"Red dot fever enforces a precision into your design that the rest must meet to feel coherent. There’s no room for the hereish, nowish, thenish and soonish. The ‘good enough’." Dingdingding. +5 points to Taylor, as usual. Place, not location.
"TinkerKit is an Arduino-compatible physical computing prototyping toolkit aimed at design professionals. The interest in physical computing as an area in development within the creative industries has been increasing rapidly. In response to this Tinker.it! is developing the TinkerKit to introduce fast iterative physical computing methodologies to newcomers, and particularly design professionals." Standardised modules, standardised connectors, Arduino-compatible. I remember Massimo showing me his keyboard-emulating board ages ago. Nice to see Tinker productising the platform, too.
"If 2009 is going to see the emergence of high-quality browser-based games, then 2009 is going to be the year of Unity. It has: lots of powerful features; iPhone support; Wii publishing; a developing community; quality developers using it; and an upcoming upcoming PC version. In short, it is about to make a major splash. I feel compelled to jump in with it — the indie license is cheaper than the Flash IDE."
"Hackers across the country are buying up old old receipt printers and imaginatively repurposing them into something new. We call them microprinters." pbwiki site for gathering resources around microprinters. Nice! Still waiting on mine (from the same load as Roo's) to arrive, though…
"With that in mind, I present to you a gallery of paintings made by one Hoenikker J. Troll, hunter at large and painter at other times. He dragged an easel and paints all around this world. Of Warcraft." WoW screengrabs run through artistic filters. Some are really quite pretty, as, to be honest, is the source material.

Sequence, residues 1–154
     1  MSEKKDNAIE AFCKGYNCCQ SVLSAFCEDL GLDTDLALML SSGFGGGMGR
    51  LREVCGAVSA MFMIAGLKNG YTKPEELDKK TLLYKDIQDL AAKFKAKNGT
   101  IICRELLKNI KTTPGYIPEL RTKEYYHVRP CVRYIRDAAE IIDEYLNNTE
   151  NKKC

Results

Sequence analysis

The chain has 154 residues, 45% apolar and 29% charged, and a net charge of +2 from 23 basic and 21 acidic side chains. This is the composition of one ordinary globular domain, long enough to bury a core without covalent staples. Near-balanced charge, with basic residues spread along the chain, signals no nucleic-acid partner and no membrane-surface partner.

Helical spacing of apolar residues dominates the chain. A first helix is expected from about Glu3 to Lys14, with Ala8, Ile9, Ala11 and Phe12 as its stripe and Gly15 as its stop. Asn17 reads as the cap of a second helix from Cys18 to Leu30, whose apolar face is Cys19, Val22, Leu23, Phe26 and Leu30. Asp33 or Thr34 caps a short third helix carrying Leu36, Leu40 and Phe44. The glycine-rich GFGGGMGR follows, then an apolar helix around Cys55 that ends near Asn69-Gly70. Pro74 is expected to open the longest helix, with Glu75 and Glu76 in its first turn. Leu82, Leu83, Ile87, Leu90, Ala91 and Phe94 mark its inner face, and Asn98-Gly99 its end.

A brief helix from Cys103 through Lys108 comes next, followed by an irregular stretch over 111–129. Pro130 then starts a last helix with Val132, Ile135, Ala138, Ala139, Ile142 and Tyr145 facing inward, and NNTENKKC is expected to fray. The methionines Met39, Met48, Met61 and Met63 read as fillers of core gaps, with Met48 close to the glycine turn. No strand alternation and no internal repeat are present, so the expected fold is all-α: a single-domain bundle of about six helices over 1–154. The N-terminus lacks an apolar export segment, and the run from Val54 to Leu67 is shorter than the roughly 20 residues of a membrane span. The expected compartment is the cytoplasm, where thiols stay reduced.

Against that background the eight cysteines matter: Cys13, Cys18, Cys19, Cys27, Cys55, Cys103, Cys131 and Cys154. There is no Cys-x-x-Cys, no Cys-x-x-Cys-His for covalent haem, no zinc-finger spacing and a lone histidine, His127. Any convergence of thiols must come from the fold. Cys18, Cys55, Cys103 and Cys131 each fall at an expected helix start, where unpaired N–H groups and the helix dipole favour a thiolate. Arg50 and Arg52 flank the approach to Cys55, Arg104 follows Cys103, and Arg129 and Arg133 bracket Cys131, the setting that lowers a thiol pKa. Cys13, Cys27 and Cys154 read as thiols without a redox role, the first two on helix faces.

"…video games are driven by the player, experientially and emotionally. Fictional content–setting, characters, backstory– is useful inasmuch as it creates context for what the player chooses to do. This is ambient content, not linear narrative in any traditional sense. The creators of a gameworld should be lauded for their ability to believably render an intriguing fictional place– the world itself and the characters in it. However the value in a game is not to be found in its ability at storytelling, but in its potential for storymaking." Some commentary on the scale of storymaking games offer, from Steve Gaynor. Also: I like the word "storymaking", as opposed to "storytelling".
AASM is "a library for adding finite state machines to Ruby classes. AASM started as the acts_as_state_machine plugin but has evolved into a more generic library that no longer targets only ActiveRecord models." And as a result, I might be using it a bit.
"MagiCal is a FREE menu-based clock and calendar. It features a huge range of configuration options for how the time and date are displayed, and can operate either in conjunction with, or as a replacement for the built in system menu clock." Quite pretty, and makes a nice companion for FuzzyClock.